MeiKe Speedlite MK580, first look

MeiKe sent us a sample of their Speedlite 580EX II clone. Everything went well until we bricked it by plugging in a battery pack.

MeiKe MK580 LCD control panel

MeiKe sent us a sample of their Speedlite 580EX II clone, the MK580. Everything went well until we bricked it by plugging in a battery pack.

The MK580 has been designed to appear as similar as possible to the real Canon Speedlite 580EX II, but it lacks some internal features such as High Speed Sync, while adding others such as manual optical slave modes.

MeiKe MK580

From the outside, the MK580 is a dramatic improvement on the previous MeiKe offering, the MK951. The build quality is significantly better; while the 580 is heavier, it also feels significantly more robust than its predecessor. The pivot head feels much sturdier, though the weather-sealed hotshoe mount, which uses a plastic sliding lock rather than the traditional screw lock, feels flimsier.

The other significant improvement is battery-life: though we haven’t rigorously tested this yet, it seems to have shed the 951’s dreadful habit of draining batteries at a quite ridiculous speed – even, with the unit we tested, while switched off and not being fired.

MeiKe MK580 LCD control panel

The user interface on the MK580 is singularly messy: basic functions like toggling the flash to function as master or slave requires you to hold one button down while pushing an uncomfortably-placed wheel, and tinkering with settings on the flash itself is a generally time-consuming and often counter-intuitive.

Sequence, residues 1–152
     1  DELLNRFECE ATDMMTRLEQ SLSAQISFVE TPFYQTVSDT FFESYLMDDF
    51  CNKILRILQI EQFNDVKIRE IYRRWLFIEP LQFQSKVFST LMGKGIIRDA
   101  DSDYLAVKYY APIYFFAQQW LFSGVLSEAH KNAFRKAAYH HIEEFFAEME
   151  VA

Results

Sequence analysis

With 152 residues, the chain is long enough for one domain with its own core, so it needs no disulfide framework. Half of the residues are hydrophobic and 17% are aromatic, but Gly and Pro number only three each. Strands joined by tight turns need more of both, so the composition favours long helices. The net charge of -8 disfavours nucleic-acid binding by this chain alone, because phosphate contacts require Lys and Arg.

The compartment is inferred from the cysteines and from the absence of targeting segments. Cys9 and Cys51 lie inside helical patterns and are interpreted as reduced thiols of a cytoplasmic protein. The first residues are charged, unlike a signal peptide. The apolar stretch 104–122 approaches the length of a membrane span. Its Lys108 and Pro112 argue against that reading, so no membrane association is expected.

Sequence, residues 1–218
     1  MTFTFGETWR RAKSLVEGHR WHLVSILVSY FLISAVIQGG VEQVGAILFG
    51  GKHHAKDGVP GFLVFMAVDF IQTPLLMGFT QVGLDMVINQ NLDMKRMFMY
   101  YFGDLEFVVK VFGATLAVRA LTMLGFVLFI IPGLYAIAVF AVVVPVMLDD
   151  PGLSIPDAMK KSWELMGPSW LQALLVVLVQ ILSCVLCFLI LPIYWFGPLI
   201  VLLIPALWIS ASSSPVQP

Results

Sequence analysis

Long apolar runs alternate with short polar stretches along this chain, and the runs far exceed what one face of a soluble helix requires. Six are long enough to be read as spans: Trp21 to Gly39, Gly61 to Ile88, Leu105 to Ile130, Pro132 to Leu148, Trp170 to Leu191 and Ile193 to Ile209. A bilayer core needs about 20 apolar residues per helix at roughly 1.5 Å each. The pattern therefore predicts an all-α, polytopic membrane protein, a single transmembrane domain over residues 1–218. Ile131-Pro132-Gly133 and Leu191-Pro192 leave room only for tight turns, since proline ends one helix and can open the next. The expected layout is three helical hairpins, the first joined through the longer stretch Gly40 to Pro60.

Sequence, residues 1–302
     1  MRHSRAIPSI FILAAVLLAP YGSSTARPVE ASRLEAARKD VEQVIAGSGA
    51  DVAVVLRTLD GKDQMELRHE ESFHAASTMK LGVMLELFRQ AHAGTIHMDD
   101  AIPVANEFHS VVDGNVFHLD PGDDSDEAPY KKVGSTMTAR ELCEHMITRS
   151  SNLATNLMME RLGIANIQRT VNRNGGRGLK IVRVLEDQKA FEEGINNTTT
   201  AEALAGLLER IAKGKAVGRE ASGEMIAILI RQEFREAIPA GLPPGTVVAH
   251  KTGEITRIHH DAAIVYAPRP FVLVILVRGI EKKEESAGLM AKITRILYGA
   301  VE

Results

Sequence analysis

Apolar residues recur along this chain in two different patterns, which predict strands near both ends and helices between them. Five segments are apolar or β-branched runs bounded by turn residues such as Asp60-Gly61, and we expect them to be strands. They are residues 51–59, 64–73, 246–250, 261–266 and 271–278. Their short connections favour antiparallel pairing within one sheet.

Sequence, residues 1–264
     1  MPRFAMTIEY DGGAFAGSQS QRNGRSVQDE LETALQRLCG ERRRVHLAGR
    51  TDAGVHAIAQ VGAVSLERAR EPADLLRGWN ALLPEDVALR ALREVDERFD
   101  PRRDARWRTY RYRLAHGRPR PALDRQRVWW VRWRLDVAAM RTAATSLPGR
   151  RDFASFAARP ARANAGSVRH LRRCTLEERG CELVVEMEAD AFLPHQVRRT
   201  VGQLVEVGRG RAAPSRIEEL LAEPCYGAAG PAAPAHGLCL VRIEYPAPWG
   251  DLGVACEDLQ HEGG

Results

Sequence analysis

That said, it did surprise in testing with how easy it was to change and refine settings from the camera itself (at least using the Canon EOS 600D we tested it with). The fact that, when using the flash mounted on-camera or with Pixel King wireless triggers the user is able to manually set most of the functionality goes some way to alleviating our irritation with the speedlite’s controls, but it’s not a perfect solution: some settings will always need to be changed on the flash itself.

Performance-wise, the MK580 is generally responsive and straightforward to use once you get the hang of its settings panel. The zoom motor is noisy and somewhat slow, which can make using the flash with a zoom lens slightly frustrating. However, the MeiKe 580 wins on price: at £115 ($180) it costs just a fraction of the authentic Canon 600EX.

To test the flash recycling time, I charged up a Godox Propac PB820 and plugged it into the 580, and it didn’t work. Now the flash won’t switch on even with regular batteries in. This seems to be an electronic fault and we are in contact with the manufacturer. We were only sent one sample unit so we can’t test anything else at this stage.

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Marcus Kernohan is a journalist and student based in Edinburgh. His first introduction to photography came at the age of eight when he inherited a Praktica LLC and was forced to spend hours wrestling with its idiosyncrasies. After a long lull, he has recently taken up photography again, covering events for The Journal newspaper.